You should also set up a team of people to respond to questions. You’ll likely have questions coming from multiple channels—email, phone, chat, and social media. Responding to them in a timely manner ensures that your reputation remains intact. Developing a FAQs page to point people to is a good idea. Continue to add to it as more questions roll in and you have more information.
You aren’t only canceling an event; you’re also responsible for the financial fallout. Many have paid a premium to attend or exhibit at your marketing event. You have two options:
Refund all monies paid in full. While you may have contract language that says part or all of the purchase price isn’t refundable, even if canceled, you aren’t going to make any friends by refusing to issue refunds. A full refund is, however, complicated by the fact that you probably won’t receive refunds for the venue and logistics that went into planning the event. Unfortunately, you’ll probably take a big loss, but it’s possible this can be mitigated with event insurance.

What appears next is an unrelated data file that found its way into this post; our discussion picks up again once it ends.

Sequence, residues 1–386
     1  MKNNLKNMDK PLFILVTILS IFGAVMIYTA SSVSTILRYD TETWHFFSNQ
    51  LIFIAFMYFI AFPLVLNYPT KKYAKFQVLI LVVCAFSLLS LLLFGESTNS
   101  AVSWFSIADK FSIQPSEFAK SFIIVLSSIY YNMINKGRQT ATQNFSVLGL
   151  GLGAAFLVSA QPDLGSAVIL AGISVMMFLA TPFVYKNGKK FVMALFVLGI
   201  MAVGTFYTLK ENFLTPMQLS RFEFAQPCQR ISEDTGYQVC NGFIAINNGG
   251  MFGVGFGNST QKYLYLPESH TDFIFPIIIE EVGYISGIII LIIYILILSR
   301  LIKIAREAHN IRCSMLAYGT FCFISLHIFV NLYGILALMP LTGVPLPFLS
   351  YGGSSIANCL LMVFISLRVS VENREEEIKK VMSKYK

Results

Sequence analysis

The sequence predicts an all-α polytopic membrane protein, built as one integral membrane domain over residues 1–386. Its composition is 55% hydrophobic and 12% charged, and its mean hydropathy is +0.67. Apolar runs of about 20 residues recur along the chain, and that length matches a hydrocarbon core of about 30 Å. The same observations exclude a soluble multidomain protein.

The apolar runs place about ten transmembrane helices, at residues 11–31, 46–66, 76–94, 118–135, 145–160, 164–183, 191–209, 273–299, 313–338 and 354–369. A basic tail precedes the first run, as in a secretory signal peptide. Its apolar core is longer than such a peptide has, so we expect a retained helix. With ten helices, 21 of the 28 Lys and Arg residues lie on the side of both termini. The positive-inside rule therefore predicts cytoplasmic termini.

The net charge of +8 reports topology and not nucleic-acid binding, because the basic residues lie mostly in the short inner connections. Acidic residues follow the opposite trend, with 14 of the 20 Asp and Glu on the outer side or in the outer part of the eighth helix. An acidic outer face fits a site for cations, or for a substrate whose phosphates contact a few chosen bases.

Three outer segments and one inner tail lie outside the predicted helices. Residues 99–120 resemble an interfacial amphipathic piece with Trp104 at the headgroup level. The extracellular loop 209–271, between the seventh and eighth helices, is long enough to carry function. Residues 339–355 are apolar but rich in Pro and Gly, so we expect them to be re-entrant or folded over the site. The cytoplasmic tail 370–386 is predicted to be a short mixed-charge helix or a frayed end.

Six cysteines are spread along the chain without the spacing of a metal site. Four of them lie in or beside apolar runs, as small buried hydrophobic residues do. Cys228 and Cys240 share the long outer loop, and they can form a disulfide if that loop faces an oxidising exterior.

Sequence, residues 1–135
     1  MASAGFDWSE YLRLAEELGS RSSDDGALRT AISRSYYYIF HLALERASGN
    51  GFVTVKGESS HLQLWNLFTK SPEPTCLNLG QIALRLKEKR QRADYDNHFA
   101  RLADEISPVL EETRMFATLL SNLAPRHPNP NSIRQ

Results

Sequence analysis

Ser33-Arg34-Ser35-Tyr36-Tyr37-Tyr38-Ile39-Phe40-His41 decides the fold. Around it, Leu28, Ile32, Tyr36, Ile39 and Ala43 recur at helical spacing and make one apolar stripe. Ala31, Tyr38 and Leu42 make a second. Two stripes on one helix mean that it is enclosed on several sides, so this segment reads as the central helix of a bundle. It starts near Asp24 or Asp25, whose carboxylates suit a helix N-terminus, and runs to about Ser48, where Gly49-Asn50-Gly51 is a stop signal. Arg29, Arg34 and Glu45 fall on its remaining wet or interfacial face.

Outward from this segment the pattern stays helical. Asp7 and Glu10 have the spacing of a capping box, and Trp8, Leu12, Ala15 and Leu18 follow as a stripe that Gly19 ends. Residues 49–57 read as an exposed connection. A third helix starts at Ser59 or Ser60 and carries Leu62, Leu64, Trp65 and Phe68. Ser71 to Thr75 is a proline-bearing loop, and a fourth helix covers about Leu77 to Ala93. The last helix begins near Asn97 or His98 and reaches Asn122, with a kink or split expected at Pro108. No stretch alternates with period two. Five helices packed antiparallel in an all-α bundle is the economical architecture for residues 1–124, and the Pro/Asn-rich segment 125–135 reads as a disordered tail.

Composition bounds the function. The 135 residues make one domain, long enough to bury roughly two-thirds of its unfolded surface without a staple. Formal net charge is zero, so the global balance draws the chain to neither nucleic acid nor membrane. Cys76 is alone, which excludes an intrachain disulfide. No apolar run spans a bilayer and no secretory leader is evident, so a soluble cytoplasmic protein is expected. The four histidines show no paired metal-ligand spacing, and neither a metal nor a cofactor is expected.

Offer a carryover to the next year’s event, which you could make more attractive with incentives. For example, you may provide attendees and exhibitors with event upgrades at the same price they paid for this year’s event. If your conference is one that they typically attend each year, this may persuade them to let you carry it over.
When deciding how to handle the financial aspect, continue to be honest and transparent about what’s the best way to proceed.
But before you develop your communication and financial plan, you and your team should also think about alternatives like going virtual.
The answer is yes! An online event certainly won’t have the same environment or opportunity as an in-person one, but it’s certainly something to consider. The Adobe Summit and Magento Imagine, previously scheduled for late March in Las Vegas, has now become an online event. The same is true for the Google Cloud Next 2020, which was to happen in San Francisco in April.